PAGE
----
C.K. ‘Bablu’ Ganguly - The Timbaktu Collective

Context: Bablu Ganguly, along with his wife Mary Vattamattam, set up the Timbaktu Collective in the Ananthapur district in Andhra Pradesh, the second most drought afflicted area in India. With the aim to stop degradation of land in Ananthapur, Bablu and Mary promote environment sustainability, child rights and education, women rights and empowerment, rights of people with disabilities, livelihood generation activities and organic farming, thus working towards holistic improvement of the community.

Critical Insights:
  • Ananthapur receives an average of only 540 mm of rainfall per year. In addition to drought, widespread deforestation and uncontrolled use of land for grazing and firewood, poor quality of soil widespread erosion are major concerns. Even those farmers who focus on cultivation of cash crops like groundnut are unable to fend for themselves.
  • The government’s efforts towards reforestation are mainly towards fulfilling demand for wood and pulp for industries. Failure of farming has lead to many farmers migrating and seeking employment elsewhere. There is consequently the lack of food or economic security.
  • The soil is nutritionally depleted; consequently, the animals and the food are also nutritionally depleted.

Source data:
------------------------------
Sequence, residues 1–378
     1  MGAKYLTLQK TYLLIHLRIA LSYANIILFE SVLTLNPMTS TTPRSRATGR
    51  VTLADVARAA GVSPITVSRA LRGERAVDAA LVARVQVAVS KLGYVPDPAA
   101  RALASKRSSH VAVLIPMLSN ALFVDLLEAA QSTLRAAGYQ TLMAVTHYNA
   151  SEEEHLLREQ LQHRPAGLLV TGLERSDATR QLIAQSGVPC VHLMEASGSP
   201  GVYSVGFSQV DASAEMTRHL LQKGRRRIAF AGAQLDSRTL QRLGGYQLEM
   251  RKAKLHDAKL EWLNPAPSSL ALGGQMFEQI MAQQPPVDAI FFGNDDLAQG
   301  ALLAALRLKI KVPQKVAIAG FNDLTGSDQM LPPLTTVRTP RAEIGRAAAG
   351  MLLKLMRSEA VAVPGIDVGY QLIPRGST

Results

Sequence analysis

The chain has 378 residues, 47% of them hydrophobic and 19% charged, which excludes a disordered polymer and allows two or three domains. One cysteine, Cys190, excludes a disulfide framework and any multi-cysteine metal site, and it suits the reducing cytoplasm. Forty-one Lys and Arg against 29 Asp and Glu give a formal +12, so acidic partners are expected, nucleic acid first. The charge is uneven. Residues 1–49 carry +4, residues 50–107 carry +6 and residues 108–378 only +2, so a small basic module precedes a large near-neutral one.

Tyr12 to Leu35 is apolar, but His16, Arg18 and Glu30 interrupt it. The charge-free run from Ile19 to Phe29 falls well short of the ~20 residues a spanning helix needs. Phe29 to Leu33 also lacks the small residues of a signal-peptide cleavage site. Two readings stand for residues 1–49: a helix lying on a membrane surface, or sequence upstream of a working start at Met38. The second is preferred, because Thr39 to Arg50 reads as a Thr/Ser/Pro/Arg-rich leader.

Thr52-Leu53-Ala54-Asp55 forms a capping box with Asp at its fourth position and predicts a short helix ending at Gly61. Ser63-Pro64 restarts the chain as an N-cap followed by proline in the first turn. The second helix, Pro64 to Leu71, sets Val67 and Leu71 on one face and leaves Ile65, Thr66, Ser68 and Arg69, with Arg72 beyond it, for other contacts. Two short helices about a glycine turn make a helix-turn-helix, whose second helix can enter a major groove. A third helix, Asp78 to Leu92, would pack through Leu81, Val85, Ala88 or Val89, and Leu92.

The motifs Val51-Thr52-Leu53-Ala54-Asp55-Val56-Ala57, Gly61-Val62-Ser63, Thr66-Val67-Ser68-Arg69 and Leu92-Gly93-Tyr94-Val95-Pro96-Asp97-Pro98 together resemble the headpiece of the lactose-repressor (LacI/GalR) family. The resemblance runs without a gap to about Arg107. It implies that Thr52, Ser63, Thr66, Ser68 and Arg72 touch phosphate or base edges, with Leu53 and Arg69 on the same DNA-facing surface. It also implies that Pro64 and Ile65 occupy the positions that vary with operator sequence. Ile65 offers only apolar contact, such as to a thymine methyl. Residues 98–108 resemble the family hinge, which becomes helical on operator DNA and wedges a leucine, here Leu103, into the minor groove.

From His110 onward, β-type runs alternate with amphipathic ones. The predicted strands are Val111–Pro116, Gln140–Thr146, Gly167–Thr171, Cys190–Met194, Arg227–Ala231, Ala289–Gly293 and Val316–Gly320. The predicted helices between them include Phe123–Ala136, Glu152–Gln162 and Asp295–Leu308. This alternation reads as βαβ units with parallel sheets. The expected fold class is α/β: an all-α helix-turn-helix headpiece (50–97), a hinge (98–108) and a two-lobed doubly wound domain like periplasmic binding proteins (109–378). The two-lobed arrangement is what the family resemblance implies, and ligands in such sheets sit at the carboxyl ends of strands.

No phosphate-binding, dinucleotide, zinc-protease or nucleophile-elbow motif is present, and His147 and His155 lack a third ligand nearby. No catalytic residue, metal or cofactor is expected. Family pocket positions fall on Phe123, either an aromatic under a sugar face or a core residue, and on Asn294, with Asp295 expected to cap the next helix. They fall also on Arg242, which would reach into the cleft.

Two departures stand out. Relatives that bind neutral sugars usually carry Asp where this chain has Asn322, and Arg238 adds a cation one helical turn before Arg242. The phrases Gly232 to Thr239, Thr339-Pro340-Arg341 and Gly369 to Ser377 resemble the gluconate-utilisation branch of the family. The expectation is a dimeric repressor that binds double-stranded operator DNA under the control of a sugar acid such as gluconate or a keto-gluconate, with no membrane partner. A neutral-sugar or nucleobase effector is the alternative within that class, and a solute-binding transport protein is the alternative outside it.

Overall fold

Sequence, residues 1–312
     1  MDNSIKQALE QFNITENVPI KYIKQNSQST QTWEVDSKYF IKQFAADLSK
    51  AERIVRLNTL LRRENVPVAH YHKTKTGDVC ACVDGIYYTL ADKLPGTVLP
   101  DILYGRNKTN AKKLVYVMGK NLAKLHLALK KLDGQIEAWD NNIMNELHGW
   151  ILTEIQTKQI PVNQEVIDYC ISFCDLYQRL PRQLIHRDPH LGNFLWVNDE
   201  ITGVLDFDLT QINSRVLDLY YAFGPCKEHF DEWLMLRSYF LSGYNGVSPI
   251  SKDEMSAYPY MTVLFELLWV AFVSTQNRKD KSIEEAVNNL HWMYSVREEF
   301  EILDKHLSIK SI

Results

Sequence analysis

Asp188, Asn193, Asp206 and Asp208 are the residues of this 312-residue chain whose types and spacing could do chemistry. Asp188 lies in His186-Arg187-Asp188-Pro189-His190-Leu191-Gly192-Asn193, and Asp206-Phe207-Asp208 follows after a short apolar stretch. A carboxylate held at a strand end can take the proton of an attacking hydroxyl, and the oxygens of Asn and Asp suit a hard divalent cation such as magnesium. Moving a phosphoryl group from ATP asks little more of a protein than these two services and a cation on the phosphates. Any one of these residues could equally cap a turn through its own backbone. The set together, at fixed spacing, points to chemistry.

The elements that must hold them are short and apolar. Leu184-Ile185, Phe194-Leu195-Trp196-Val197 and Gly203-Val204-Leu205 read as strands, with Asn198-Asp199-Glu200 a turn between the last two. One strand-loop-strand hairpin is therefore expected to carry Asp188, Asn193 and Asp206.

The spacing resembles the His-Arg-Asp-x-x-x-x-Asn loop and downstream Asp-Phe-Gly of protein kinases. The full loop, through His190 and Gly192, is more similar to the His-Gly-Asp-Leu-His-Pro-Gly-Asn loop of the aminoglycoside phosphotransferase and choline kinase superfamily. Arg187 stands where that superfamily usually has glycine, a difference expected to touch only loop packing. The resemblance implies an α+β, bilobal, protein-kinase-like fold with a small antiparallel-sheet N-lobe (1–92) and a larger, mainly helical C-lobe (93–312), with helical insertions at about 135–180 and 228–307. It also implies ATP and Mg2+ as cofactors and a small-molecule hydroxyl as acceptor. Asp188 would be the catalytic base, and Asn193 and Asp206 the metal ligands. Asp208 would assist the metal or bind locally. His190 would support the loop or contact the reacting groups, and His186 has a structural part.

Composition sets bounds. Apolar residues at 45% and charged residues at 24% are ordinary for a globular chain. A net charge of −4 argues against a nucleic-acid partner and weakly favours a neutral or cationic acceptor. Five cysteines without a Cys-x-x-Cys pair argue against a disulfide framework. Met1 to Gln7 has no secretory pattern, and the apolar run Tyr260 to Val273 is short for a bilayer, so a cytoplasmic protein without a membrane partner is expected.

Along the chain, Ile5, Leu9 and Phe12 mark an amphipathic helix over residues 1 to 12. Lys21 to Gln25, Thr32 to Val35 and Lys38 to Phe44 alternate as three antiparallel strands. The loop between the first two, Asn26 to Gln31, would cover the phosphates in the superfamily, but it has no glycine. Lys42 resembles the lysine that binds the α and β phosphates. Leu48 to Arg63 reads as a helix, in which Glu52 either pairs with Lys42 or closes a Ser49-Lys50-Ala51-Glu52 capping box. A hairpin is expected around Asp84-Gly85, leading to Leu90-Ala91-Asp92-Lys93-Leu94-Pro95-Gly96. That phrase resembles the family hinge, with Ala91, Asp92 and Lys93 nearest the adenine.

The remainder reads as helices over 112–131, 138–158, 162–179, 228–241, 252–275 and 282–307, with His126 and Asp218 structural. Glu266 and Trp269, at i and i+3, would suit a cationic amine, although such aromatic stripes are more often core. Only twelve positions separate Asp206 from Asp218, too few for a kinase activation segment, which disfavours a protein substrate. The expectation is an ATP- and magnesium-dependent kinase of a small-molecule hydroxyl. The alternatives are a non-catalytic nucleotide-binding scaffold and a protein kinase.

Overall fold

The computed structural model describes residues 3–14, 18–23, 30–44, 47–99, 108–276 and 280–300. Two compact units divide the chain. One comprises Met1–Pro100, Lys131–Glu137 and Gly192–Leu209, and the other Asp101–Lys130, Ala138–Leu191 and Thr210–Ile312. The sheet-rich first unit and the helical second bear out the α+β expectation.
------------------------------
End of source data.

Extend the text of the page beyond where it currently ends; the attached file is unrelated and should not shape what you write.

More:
Strategy: Permaculture, Eco-restoration, community participation, promoting culture and a holistic way of living.
Timbaktu aggressively targets the problems of agriculture, using a “permaculture” model which borrows from concepts like organic farming, agro-farming and sustainable living. The Collective works hand in hand with the community. It has established seed collection centres to provide seeds to farmers during the rains; restored traditional water harvesting structures; built firelines to protect forests; supervised tank desiltation; and done intensive research into composting methods and different cropping patterns. The focus has been on joint community ownership of forest and forest produce.
In addition, Timbaktu has also set up thrift co-operatives which provide loans to the women in the community and thus empower them to take decisions and enjoy better health through access and availability of food grains. Children are provided nutritious meals at the various “Badis” (learning centres) and special emphasis is placed on consumption of fruits and vegetables.

Impact: What initially started with 32 acres of barren land has now spread to over 2800 hectares (covering seven villages) of wasteland which has been regenerated into a forest. About 250 water bodies and streams have regained life. Due to efforts of the Collective, currently around 1190 families grow organic food on 3570 acres of land. The Timbaktu Collective is currently participating in research by the Fair Climate Network which aims to study how organic farming can contribute to reducing carbon footprint.

To learn more about The Timbaktu Collective, please click here.